6 min read

pitchRx, meet openWAR

Both pitchRx and openWAR scrape Gameday data, but are quite different in their implementation. This post will help expose those differences and show how to combine them to make 1 + 1 > 2.

Similarities/differences between openWAR and pitchRx

Both openWAR and pitchRx can obtain so-called “play-by-play” Gameday data, but provide it in a different format. One reason for this difference is due to pitchRx’s agnostic approach to the type of analysis you’d like to perform. It simply returns data in a collection of tables that closely resembles the raw form. On the other hand, openWAR returns the play-by-play data in a format which is convenient for computing openWAR estimates. Fortunately, I think this format is quite useful for a wide variety of problems and enhances a PITCHf/x database created using pitchRx.

On a side note, the data format returned by openWAR::getData could be produced from tables returned by scrape, but it’s not easy (the ‘atbat’, ‘runner’, ‘action’, ‘hip’, and ‘player’ tables collectively contain the same info). So, in effect, it does not add new data to a pitchRx database, but it can dramatically simplify certain queries (e.g. searching for PITCHf/x by catcher, shortstop, center fielder, etc). Before “Adding openWAR data to your PITCHf/x database” (the last section below), I’ll explain in detail how to acquire play-by-play data for a particular set of games since both pitchRx and openWAR have this capability. Along the way, we’ll also learn how to merge openWAR’s play-by-play data with pitchRx pitch-by-pitch data.

Game specific data acquistion

Just like pitchRx::scrape, openWAR::getData can acquire data from any set of games using MLBAM’s gameday identifiers. pitchRx comes prepackaged will all the available game identifiers which we can use to query a specific set of games over an extended period of time. To understand how this works, let’s take a look at the format of these identifiers.

Understanding gameday identifiers

data(gids, package = "pitchRx")
## [1] "gid_2008_02_26_fanbbc_phimlb_1" "gid_2008_02_26_flsbbc_detmlb_1"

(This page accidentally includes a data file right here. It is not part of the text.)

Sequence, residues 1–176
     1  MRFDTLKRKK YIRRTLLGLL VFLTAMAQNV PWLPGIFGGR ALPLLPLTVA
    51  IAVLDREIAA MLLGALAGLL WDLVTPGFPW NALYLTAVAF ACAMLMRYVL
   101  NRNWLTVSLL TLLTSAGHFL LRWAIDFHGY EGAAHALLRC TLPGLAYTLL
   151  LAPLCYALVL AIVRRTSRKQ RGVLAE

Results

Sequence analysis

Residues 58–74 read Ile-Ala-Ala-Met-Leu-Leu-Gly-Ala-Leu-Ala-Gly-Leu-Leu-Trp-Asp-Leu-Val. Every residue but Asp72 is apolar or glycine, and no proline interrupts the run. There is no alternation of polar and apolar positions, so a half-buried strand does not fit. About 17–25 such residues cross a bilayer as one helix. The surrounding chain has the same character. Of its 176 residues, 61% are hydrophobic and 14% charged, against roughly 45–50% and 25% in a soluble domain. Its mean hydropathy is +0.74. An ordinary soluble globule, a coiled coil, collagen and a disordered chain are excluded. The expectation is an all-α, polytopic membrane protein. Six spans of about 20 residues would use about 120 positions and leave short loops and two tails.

## [3] "gid_2008_02_26_umibbc_flomlb_1" "gid_2008_02_26_umwbbc_nynmlb_1"
## [5] "gid_2008_02_27_cinmlb_phimlb_1" "gid_2008_02_27_colmlb_chamlb_1"

All the ids have the general form ‘gid_YYYY_MM_DD_xxxaaa_yyybbb_1’. The ‘gid_’ part of this identifier is the only part that does not change from game to game. Most identifiers will end with ’_1’, but only if it is not the second game of a doubleheader. The ‘YYYY’, ‘MM’ and ‘DD’ parts are numeric representations of the year, month and day (respectively). The ‘xxx’ part is an abbreviation for the away team name and the ‘aaa’ part is an abbreviation of the away team’s league. The same goes for the ‘yyybbb’ part except this abbreviation is for the home team. As you can see from the output above, some of these identifiers correspond to preseason games (the regular season doesn’t usually begin until the start of April).

Using regular expressions

Regular expressions are useful for extracting a particular set of gameday identifiers since they allows us to search for patterns in a set of strings. For instance, this regular expression would match every Twins home game in 2013:

reg.ex <- "2013_[0-9]{2}_[0-9]{2}_[a-z]{6}_minmlb"

For those not familiar with regular expressions, the [0-9]{2} bit says “any two numbers may go here” and the [a-z]{6} bit says “any six letters (from the Roman alphabet) may go here”. Remember that gids contains preseason, regular season and postseason games. So, if by “every home game” we really meant “every regular season home game”, we can easily restrict to games in April through September (if we change [0-9]+ to 0[4-9] in the month slot).

home <- "2013_0[4-9]_[0-9]{2}_[a-z]{6}_minmlb"

Now, to use this expression to obtain the relevant gids, we can use the base R function grepl (or grep). grepl returns a logical vector the same length the object it is searching. A particular element of that vector will be TRUE if and only if the regular expression found a match. Thus, we can extract the relevant elements of gids by passing this logical vector to R’s [ operator like so:

reg.home <- gids[grepl(home, gids)]

Let’s do the same thing for away games so that we have every Twins’s regular season game from 2013.